Medserena Pelvis Gynae MRI scan
MRI scan of the pelvic region; non-invasive procedure to help diagnose medical conditions relating to the pelvic region including female reproductive organs, price includes:
- Open and Upright MRI scan
- 50 minutes appointment
- Radiologist findings report
Images on USB at the end of the scanand available to NHS trusts via IEP on request
- Complimentary refreshments
Please wear metal free clothing and if possible, avoid wearing any jewellery. Alternatively, Medserena can provide you with a gown to change into for your scan. Scroll down for more pelvic region MRI scan information.
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Watch TV while
Medical report included
About Pelvis Gynae MRI scans
A Pelvis Gynae MRI scan gives an in-depth view of all the structures and organs in the pelvic region between the belly button and the groin. Since MRI has high contrast resolution, it provides clear images using multiplanar imaging that allows three anatomic planes to be visualised.
It can be used to investigate several symptoms and disorders including chronic pelvic pain, tumours and cysts, and diseases that affect the female reproductive organs, including endometriosis. It is a valuable adjunct to ultrasound scans where sometimes it is difficult to get a clear image due to patient size or other organs obstructing the view.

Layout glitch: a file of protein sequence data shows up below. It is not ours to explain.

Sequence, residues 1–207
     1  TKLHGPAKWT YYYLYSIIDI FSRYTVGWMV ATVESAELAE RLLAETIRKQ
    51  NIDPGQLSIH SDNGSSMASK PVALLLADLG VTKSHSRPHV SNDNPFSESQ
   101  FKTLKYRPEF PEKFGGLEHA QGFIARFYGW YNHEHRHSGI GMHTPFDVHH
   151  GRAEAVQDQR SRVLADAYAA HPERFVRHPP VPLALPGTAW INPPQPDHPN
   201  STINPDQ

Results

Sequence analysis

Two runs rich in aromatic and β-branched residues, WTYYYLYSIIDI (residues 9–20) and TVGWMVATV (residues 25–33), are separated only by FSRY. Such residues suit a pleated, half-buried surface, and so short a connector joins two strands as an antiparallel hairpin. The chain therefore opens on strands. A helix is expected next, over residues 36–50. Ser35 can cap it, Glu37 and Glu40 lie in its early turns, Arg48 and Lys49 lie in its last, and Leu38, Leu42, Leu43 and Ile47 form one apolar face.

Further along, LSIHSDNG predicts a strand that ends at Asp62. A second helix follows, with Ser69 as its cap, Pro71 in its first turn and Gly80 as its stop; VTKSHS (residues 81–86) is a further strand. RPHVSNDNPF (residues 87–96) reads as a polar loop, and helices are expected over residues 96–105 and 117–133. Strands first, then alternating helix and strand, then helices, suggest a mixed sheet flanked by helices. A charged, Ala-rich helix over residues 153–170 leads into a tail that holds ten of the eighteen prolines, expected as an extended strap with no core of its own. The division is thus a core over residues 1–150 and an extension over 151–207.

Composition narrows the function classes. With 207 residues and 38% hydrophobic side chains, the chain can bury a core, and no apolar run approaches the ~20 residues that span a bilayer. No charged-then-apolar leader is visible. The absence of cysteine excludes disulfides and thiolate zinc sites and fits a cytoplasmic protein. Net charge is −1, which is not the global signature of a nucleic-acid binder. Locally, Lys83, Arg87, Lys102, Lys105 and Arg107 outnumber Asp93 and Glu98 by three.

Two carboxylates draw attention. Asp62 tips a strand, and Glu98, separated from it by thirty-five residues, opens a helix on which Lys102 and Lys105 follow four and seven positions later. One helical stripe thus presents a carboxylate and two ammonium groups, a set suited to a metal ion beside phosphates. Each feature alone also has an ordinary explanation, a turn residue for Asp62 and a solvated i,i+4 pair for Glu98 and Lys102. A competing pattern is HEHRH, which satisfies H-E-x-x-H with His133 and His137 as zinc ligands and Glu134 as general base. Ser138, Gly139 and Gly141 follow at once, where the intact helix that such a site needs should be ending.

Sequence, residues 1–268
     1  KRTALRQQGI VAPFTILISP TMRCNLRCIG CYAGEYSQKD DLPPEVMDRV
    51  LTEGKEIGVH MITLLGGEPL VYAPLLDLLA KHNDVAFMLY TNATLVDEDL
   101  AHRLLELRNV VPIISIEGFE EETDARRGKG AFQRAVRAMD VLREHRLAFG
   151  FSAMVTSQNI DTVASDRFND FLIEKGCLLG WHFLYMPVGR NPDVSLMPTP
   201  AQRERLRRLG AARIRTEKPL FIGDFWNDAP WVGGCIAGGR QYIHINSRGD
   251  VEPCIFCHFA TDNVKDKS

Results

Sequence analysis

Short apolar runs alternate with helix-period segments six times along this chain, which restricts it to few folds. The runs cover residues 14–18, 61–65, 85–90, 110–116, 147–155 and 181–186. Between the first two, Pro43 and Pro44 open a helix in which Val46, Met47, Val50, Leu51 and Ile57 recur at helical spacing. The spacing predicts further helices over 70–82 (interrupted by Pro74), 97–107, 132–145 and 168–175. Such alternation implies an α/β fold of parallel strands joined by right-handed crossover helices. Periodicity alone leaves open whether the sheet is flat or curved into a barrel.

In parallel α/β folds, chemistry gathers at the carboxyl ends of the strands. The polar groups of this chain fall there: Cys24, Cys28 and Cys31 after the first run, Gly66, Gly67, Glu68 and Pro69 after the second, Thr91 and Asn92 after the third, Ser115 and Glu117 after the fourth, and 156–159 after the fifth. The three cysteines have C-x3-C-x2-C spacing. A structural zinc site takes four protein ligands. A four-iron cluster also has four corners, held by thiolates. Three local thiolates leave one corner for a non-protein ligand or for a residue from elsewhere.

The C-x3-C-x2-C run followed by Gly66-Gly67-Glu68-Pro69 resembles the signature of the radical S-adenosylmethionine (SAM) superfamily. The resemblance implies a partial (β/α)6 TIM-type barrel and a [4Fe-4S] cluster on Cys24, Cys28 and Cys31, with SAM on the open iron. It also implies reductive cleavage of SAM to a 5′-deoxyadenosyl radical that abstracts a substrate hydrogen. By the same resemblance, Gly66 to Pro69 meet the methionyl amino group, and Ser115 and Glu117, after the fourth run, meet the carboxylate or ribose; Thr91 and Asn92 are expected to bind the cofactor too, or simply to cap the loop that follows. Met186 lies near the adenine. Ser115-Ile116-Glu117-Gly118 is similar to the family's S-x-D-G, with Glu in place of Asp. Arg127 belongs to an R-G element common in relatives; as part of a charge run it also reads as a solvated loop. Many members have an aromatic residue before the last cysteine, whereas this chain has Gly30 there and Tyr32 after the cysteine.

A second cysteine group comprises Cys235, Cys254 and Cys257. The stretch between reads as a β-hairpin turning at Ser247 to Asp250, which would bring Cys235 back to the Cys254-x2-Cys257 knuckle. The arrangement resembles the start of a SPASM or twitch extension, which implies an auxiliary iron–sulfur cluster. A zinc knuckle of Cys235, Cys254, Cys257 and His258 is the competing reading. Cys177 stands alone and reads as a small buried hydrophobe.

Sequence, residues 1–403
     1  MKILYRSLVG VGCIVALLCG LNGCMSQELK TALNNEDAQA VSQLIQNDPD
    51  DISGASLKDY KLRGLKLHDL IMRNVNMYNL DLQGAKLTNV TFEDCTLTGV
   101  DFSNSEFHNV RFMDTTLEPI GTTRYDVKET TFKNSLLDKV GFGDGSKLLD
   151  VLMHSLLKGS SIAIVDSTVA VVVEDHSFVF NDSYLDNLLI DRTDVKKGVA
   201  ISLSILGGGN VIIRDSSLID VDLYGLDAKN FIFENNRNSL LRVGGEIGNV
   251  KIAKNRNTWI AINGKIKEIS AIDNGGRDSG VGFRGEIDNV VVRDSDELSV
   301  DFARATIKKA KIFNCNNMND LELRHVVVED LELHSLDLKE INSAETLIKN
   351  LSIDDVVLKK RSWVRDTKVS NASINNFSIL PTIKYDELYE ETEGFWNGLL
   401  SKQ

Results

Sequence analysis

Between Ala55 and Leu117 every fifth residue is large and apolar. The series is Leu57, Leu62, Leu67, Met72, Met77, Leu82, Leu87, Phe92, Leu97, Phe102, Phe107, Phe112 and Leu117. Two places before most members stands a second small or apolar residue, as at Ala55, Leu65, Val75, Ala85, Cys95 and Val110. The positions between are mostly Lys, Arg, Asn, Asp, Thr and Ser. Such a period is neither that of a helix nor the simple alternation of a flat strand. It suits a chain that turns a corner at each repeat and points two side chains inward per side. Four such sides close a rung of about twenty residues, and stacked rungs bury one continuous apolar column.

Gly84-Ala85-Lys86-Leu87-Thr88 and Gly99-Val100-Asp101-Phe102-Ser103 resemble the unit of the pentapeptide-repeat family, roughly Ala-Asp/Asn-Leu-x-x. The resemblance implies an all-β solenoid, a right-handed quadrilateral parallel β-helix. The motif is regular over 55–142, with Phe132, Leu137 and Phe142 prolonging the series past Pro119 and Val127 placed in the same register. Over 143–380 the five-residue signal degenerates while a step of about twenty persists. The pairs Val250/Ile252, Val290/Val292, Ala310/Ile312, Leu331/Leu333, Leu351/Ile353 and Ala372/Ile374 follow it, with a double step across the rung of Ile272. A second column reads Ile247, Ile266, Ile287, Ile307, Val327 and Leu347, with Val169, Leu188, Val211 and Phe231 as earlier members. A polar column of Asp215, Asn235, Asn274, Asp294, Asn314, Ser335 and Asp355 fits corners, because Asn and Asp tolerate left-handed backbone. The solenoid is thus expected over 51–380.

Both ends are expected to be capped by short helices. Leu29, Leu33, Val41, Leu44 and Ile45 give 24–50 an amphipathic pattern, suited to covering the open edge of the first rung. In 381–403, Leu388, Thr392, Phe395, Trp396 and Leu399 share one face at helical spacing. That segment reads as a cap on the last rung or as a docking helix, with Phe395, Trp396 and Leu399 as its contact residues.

Medserena’s Pelvis Gynae MRI scan is performed in an open and upright scanner with patients either sitting or standing (tilted to 30-to-40-degree positions) and is a viable alternative to a conventional scanner for those who suffer from claustrophobia or who are too large for a tunnel scanner.
A Pelvis Gynae MRI scan is extremely useful for evaluating many conditions which can cause chronic or acute pain and discomfort in this region of the body, which contains blood vessels, nerves, bowel and urinary structures including the bladder and reproductive organs.
What conditions can a Pelvis Gynae MRI scan detect?